Big Smith

Roots, Shoots & Wings (Review)

by Joshua Heston and Dale Grubaugh

Musically and lyrically, Big Smith present themselves unabashedly and with notable versatility.

Formed in 1996, the Springfield, Missouri-based group is made up of cousins Mark and Jody Bilyeu, Bill and Rik Thomas and Jay Williamson.

Recently, Big Smith was augmented by fiddle player and music theater vocalist, Molly Healey.

The group has developed a passionate fan base and those fans will definitely get a kick out of the group’s latest offering, Roots, Shoots & Wings.

In many ways, Big Smith is simply a back-porch hillbilly band from the White River Hills of Missouri.

As such, their style involves a raucous presentation coupled with rhythms, lyrics, and vocal qualities which resonate with their fans.

The album Roots, Shoots & Wings — kicked off to a jarring start with the rather goofy My Overalls (Don’t Fit Me Anymore) — could actually be considered a bit of hillbilly rock opera.

There is a lot to listen to on this 16-track album and Big Smith’s versatility produces a mixed bag of results.

Ain’t Got Nobody is an almost-Flapper-era scat-jazz romp while Coal Miner’s Blues is plain, homespun traditional blues in every sense of the word.

“Don’t plug up your ears / Though it shivers your spine / Go take some real air / With a good glass of wine” sing the Bilyeus on the original work Cicada, amidst guitar and mandolin riffs which sound remarkably like a locust swarm.

It’s not easy-listening, but it is well-researched.

Brady And Duncan — a traditional selection — has been upgraded to a toe-tapping, gum-flapping, rock-tinged uproar.

The album contains a lot of original material with several high points.

Forest For The Trees (written by Jody Bilyeu) is a touching lament to lost love.

Summertime (written by Jay Williamson) is lyrically strong and musically appealing. The track has the dreamy, unpolished qualities of a Gram Parsons and The Byrds album, complete with quality licks.

Mountain Man’s Lament is a heartfelt “hills and hollers” song with a particularly haunting chorus.

The song is penned by Jerld Cummings of Windy City, Missouri*.

Weaker offerings include It’s A Good Day, It’ll Be Okay, Sunday and Medical Emergency.

Medical Emergency proves only Big Smith could rock out wildly with words like “transient ischemic attack” in this track whose beat sounds eerily similar to the old George Jones’ classic Love Bug.

It’ll Be Okay begins strong with a distorted guitar solo but quickly declines into a rather dreary version of contemporary praise-and-worship style-music.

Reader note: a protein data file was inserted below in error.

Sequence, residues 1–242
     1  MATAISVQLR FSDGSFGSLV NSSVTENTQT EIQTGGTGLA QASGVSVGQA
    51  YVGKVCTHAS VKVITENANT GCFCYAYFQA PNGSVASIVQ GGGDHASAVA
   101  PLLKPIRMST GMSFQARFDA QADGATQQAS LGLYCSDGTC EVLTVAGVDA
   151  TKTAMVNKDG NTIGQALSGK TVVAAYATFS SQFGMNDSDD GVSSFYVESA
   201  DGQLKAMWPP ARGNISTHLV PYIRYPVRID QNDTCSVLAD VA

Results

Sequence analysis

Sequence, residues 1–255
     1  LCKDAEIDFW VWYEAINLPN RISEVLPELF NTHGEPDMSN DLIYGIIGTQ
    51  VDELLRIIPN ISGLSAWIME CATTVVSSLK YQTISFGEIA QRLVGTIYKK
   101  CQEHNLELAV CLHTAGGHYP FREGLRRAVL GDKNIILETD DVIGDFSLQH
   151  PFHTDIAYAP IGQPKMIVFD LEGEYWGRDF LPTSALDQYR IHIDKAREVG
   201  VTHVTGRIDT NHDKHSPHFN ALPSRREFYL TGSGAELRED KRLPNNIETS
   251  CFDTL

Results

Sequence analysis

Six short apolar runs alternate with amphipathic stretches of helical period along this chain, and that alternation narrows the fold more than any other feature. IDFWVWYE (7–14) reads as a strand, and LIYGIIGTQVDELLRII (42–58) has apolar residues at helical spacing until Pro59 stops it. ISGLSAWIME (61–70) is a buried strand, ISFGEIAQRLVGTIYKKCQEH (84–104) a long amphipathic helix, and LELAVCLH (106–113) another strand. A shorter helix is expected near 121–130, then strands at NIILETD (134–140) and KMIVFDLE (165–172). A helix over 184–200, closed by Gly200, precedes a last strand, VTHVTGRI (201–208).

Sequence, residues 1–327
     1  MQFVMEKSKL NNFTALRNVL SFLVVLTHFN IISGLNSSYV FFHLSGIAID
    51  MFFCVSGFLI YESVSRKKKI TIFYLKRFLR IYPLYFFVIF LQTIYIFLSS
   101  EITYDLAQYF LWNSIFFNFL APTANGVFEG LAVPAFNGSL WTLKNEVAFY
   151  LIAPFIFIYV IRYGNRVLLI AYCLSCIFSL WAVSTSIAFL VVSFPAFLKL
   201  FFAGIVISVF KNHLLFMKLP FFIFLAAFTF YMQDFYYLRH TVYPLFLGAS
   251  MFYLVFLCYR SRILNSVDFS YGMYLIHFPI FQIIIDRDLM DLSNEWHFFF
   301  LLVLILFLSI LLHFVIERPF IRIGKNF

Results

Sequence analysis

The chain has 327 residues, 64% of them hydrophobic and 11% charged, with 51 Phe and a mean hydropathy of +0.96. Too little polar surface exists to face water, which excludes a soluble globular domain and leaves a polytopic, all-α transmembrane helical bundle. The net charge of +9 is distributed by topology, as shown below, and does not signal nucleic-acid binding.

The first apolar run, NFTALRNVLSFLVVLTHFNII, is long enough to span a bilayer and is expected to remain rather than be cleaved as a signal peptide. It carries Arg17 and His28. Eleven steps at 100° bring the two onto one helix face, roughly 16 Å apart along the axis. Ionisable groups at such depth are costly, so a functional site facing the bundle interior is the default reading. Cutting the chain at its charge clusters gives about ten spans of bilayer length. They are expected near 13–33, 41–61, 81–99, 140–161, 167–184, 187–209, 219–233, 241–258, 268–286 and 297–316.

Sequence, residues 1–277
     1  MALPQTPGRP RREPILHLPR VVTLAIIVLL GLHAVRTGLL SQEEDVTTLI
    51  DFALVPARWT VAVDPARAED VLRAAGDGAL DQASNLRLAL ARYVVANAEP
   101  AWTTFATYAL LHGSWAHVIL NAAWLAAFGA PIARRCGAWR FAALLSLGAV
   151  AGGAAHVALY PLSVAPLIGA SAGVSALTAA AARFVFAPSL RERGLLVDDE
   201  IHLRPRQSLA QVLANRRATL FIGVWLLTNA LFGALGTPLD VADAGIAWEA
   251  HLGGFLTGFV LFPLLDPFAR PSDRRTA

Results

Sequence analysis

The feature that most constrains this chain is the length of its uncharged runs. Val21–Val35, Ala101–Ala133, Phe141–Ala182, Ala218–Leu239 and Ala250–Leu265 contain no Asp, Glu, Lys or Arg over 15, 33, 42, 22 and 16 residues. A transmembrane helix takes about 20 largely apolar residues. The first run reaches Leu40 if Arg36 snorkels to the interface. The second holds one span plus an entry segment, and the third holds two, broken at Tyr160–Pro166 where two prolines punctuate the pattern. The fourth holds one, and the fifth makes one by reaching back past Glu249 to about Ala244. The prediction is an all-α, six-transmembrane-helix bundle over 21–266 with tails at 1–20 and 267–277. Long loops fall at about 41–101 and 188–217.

It’s A Good Day is — lyrically — the weakest offering of the lot with a repetitive refrain consisting mostly of the title words, proving that just because something rhymes does not necessarily make it good.

Marijuana gets a nod in the lost-love ballad, Sunday, as Rik Thomas sings, “Hey roll me another / I want to waste an hour or two or three.”

The album is rounded out with Texas swing (Texas Can Wait), Zydeco (Toted A Load) and traditional Irish (Handsome Molly) as well as a nod to old-time country in the Jimmie Rodgers influenced Ride That Train.

Big Smith makes a big splash with the bar crowd, both in and out of the Ozarks and, as such, has garnered a passionate fanbase willing to go to bat for the developing group.

They have plenty of attitude and some impressive musicianship, but they are still singing to their choir.

Whether they can muster the qualities needed to cross genres and step out to mass appeal is yet to be seen.

March 2, 2010

* Windy City, Missouri, is a wide spot in the road between Spokane and Reeds Spring Junction.

plate 1. From left, Jody Bilyeu, Jay Williamson, Mark Bilyeu, Molly Healey, Bill Thomas and Rik Thomas, c. 2008. Images courtesy of Big Smith.

Images courtesy of Big Smith. Artwork by Katie Canada.

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SONG TRACK & WRITERS

  • My overalls (Don’t Fit Me Anymore), Mark Bilyeu
  • Ain’t Got Nobody, Bill Thomas
  • Coal Miner Blues, Traditional
  • Cicada, Jody Bilyeu
  • Brady and Duncan, Traditional
  • Forest For The Trees, Jody Bilyeu
  • Mountain Man’s Lament Jerld Cummings
  • Ride That Train, Jay Williamson
  • Molly Healey, Texas Can Wait
  • Medical Emergency, Jody Bilyeu
  • It’s A Good Day, Mark Bilyeu
  • Toted A Load, Bill Thomas
  • Handsome Molly, Traditional
  • Summertime, Jay Williamson
  • Sunday, Mark Bilyeu
  • It’ll Be Okay, Jody Bilyeu
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